of experience using video DOT. The minimum estimate of nearly $5,000
in savings on travel expenses and staff time is impressive and is
anticipated to increase as more patients participate in the program.
Patients are enthusiastic about the convenience and flexibility
that video DOT provides. There were no DOT failures during the 3-month
implementation phase, and all patients chose to continue with the
program once it was established.
The program purchased 40 videophones at a cost of less than $200
per unit ($8,000 total). Savings realized in operating the program
will soon cover this initial expense. If the videophones prove to
be reliable, they will be used multiple times with no need to incur
additional equipment costs. With the possibility of as many as 35
participants in the video DOT program at any one time, this program
has the potential for significant cost savings while providing safe,
convenient, and reliable DOT services for patients. In addition,
staff can be shifted to other priority activities, such as contact
investigation, while still providing excellent patient adherence
services for the community.
—Submitted by Linda Bethel, PHN IV
San Diego County TB Control Program
TB Strain with Strong Persistence and with Highly
Efficient and Rapid Transmission to HIV-Infected Patients, Louisiana,
The Louisiana Office of Public Health TB Control Program detected
a cluster of TB cases caused by the same organism, identified through
restriction fragment length polymorphism (RFLP) fingerprinting.
These cases were highly infectious, with multiple failures of directly
observed therapy (DOT) for latent TB infection (LTBI) with isoniazid
(INH, sometimes abbreviated as H), and with extremely virulent and
rapidly transmissible organisms.
The source patient, Patient A, identified in November 1998, was
diagnosed with sputum smear–positive TB and started on a standard
adult treatment regimen of isoniazid, rifampin, pyrazinamide, and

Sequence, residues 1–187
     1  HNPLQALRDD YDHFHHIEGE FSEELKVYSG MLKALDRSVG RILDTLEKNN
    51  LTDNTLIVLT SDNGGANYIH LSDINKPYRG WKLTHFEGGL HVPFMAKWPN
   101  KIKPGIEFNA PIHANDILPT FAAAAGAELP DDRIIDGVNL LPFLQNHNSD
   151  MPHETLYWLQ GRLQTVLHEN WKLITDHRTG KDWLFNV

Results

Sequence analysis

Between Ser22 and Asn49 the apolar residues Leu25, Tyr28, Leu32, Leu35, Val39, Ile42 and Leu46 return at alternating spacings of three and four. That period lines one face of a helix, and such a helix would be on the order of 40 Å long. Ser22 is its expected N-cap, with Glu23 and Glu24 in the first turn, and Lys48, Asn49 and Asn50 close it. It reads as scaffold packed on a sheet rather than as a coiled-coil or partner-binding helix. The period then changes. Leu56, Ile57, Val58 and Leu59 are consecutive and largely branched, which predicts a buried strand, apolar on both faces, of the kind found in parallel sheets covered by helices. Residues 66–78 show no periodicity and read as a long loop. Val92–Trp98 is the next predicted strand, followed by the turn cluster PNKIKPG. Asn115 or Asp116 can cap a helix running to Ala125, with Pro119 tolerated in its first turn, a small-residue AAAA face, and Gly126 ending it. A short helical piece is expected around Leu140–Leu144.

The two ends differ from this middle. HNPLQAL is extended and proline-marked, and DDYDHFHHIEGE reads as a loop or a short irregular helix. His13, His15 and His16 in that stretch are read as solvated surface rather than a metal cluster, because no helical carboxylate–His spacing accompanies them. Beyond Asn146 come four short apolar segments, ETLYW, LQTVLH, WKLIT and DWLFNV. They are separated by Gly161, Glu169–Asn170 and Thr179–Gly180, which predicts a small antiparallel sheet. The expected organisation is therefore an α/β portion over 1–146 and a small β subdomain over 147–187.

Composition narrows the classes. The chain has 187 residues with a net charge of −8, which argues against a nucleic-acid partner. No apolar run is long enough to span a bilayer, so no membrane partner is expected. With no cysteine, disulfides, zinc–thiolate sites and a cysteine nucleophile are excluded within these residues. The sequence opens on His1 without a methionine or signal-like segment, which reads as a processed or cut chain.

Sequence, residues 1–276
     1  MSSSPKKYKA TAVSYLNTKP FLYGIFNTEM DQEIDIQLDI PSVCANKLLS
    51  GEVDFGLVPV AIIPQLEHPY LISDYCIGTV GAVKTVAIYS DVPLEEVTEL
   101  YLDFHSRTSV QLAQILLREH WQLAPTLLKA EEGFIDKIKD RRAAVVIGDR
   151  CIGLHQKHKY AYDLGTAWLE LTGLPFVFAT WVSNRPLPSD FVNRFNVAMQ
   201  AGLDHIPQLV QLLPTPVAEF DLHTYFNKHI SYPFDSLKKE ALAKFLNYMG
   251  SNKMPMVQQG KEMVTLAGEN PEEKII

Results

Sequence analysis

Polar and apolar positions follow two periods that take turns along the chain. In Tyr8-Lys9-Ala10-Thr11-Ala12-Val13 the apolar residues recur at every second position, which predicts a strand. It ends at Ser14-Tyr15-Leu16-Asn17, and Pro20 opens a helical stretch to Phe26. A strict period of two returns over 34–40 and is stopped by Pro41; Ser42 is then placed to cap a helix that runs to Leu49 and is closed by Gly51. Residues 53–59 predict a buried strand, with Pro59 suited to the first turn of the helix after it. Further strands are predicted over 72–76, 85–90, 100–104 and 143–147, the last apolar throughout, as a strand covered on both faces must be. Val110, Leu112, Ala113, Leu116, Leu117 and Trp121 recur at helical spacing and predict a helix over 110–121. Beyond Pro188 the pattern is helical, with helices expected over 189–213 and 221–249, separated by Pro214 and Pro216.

ethambutol (HRZE). Treatment compliance was adequate, recovery was
satisfactory, sputum-smear conversion occurred within the first
2 months, and the patient was considered cured upon completion of
6 months of DOT. Six household contacts and five nonhousehold contacts
of Patient A were evaluated, using Mantoux tuberculin testing, with
infection rates of 100% (6/6) and 60% (3/5) respectively. In Louisiana,
two different regimens for the treatment of LTBI are used. For children
and HIV-infected persons, the recommended duration of LTBI treatment
is 9 months. For all others, the recommended treatment duration
is 6 months. All contacts with LTBI were treated with either the
6-month or the 9-month INH regimen, as appropriate.
In July 1999, Patient B, one of Patient A’s children and a member
of the household, was diagnosed with sputum smear–positive TB, with
the same organism. A standard adult treatment regimen (HRZE) was
used. Again, treatment compliance was adequate, recovery was satisfactory,
sputum-smear conversion occurred within the first 2 months, and
the patient was considered cured upon completion of 6 months of
In November 1999, Patient A was rediagnosed with sputum smear–positive
TB, once more with the same TB organism. It is not clear whether
the relapse was due to reactivation of previous disease or reinfection
from Patient B. Patient A was re-treated with PAS (A) and ciprofloxacin
(C) in addition to the standard drugs (HRZE). Once again, treatment
compliance was adequate, recovery was satisfactory, sputum-smear
conversion occurred within the first 2 months, and the patient was
considered cured upon completion of 8 months of DOT. Six additional
nonhousehold contacts of Patient A were investigated, with an infection
rate of 88% (5/6). All contacts with LTBI were treated with INH
for either 6 or 9 months.
In February 2004, Patient C, one of Patient A’s grandchildren living
in the same household, was diagnosed with sputum smear–positive
TB. The same organism was identified. Patient C is currently on
a directly observed regimen of INH, rifampin, pyrazinamide, and
streptomycin (HRZS), is recovering well, and had sputum smear conversion
within the first 2 months. Of the five household contacts of Patient
C who were investigated, all were infected (infection rate of 100%).
In addition, an infection rate of 55% (31/55) was found in high-risk
nonhousehold contacts. In low-risk nonhousehold contacts, however,
the infection rate was as low as 2% (1/52). Once again, all contacts
with LTBI were treated with INH for either 6 or 9 months.
Recently, three more cases were diagnosed with sputum smear–positive
or culture-positive TB, due to the same organism. They are summarized